Why Tourists Should Take Note Of The Color Of The Gelato Serving Spoons In Italy

Walking down the street eating gelato is one of the best things that you can experience in Italy. What's more, is that you can order like a pro if you know the secret code that gelaterias use to show the variation of ingredients in their flavors. Tiktoker and Italian food blogger Benedetta from @localaromas outlined the system that gelaterias (shops that sell gelato) have in place to explain what is inside each flavor.

She explains that shops do this via a color-coded system using the serving spoons. In her favorite gelateria, if the spoon in the ice cream container is yellow, the gelato contains eggs; if it is white, then it contains milk; and those without eggs or milk have a clear scoop. Different shops may use different colors, but the idea is just the same. This makes it easier for those with allergies or dietary preferences to order and prevents cross-contamination of the scoops. Italy is also subject to EU law which means that the 14 main food allergens should be labeled. If you have a favorite flavor, then it may be worth learning some Italian words and phrases so that you can easily order once you find a gelateria that catches your eye.

What creates the taste differences in gelato

Beyond the importance of allergies, these different ingredients change a gelato's texture and flavor. When a gelato contains eggs, this creates a richer taste. Crema is a gelato flavor that is made with only eggs, milk, and sugar. While it is a simple recipe, the eggs give it a yellow color and it is made with high-quality ingredients, making it popular in gelaterias. In the south of Italy, it is much less common to use eggs in gelato. 

If you choose a clear spoon, aka gelato without any milk or eggs, it'll be more like a sorbet. It is usually made with fruit, water, and sugar, while having a much lighter texture than a traditional gelato. Between the lighter texture and the fruity flavor, this type of gelato is more refreshing on a hot summer day.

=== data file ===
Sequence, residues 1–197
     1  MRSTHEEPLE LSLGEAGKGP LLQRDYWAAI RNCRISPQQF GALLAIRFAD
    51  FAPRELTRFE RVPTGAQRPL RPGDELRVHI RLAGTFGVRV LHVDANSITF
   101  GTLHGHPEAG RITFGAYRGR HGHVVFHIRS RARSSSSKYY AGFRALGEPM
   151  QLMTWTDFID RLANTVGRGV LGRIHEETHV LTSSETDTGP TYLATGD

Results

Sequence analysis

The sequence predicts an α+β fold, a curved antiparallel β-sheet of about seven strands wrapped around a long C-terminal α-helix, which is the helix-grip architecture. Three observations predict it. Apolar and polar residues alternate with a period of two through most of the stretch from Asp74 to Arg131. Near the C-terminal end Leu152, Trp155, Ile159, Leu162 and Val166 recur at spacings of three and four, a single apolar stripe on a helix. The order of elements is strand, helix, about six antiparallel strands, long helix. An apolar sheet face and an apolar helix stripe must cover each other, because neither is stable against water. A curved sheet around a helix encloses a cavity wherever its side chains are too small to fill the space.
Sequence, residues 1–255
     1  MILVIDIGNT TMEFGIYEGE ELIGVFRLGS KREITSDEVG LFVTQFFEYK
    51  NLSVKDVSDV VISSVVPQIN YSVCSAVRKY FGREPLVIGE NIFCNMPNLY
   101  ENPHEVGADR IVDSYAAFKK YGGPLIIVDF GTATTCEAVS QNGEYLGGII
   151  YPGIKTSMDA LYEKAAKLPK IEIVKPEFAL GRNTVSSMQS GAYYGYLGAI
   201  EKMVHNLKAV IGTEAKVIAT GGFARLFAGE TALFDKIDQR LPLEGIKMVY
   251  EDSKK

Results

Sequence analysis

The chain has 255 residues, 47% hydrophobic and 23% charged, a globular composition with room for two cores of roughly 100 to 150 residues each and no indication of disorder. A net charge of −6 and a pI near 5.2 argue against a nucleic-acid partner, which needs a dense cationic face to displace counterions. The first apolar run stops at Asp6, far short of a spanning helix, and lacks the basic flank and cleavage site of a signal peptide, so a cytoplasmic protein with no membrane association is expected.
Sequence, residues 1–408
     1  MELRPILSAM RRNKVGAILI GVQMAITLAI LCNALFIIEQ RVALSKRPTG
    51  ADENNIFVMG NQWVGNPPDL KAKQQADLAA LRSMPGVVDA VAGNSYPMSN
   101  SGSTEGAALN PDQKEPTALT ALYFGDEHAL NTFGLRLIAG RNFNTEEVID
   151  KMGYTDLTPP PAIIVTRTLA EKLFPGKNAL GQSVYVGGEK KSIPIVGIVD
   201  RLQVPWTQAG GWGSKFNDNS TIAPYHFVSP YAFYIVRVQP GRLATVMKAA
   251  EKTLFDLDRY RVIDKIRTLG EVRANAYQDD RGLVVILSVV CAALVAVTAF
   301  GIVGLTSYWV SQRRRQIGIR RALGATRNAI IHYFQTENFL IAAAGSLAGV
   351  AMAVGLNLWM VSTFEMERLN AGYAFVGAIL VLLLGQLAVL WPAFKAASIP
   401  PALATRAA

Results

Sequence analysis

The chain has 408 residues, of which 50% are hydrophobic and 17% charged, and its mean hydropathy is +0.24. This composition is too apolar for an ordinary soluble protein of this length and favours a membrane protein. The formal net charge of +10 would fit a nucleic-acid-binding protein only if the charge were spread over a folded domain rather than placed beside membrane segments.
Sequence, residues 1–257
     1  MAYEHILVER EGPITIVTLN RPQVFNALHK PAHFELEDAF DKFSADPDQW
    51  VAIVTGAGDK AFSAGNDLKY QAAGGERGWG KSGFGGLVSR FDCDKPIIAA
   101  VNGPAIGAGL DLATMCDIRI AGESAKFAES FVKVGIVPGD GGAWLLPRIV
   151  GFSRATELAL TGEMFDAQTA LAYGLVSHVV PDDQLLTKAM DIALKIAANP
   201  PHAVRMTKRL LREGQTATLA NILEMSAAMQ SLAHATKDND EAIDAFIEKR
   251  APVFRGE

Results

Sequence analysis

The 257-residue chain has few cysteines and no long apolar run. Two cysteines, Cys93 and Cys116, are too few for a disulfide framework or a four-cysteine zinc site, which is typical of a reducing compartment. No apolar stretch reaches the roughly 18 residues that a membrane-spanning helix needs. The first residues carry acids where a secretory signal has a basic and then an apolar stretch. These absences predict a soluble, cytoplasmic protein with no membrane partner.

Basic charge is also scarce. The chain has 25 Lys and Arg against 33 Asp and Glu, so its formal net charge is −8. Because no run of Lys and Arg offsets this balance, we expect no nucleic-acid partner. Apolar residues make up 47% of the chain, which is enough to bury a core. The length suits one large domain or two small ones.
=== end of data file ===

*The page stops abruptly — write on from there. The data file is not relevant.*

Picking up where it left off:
Compared to ice cream, gelato contains more milk, less cream, and fewer eggs (or no eggs at all, depending on the spoon!). Gelato is churned at a slower rate than ice cream, so it is thicker and doesn't contain as much air. To keep it soft, it is served at a slightly warmer temperature than ice cream. As it is less fatty than ice cream, it helps the flavor to really pop.

How to choose a gelateria in Italy

When buying gelato in Italy, it is important to go to the best places and not just the tourist traps, so go to places where the locals go! There are also some signs to look out for to make sure that you're buying the best product. For example, quality gelato should not be brightly colored, but muted because it is made from natural ingredients instead of additives. The ingredients list should also be available, as good gelato makers will be proud to use local ingredients and not bulk it up with low-quality agents.

Flavors should change according to the season, as this means high-quality gelato. Out-of-season fruit doesn't taste as good, and top-tier gelaterias wouldn't be selling summer produce, like strawberries, in the winter. It is also useful to taste the gelato, as most places will offer you a small sample to try before you buy. If there is a strong taste of the flavor, then it is likely made from scratch and good quality. Once you've found a great place, you can enjoy this tasty treat even if you're traveling around Italy on a shoestring budget.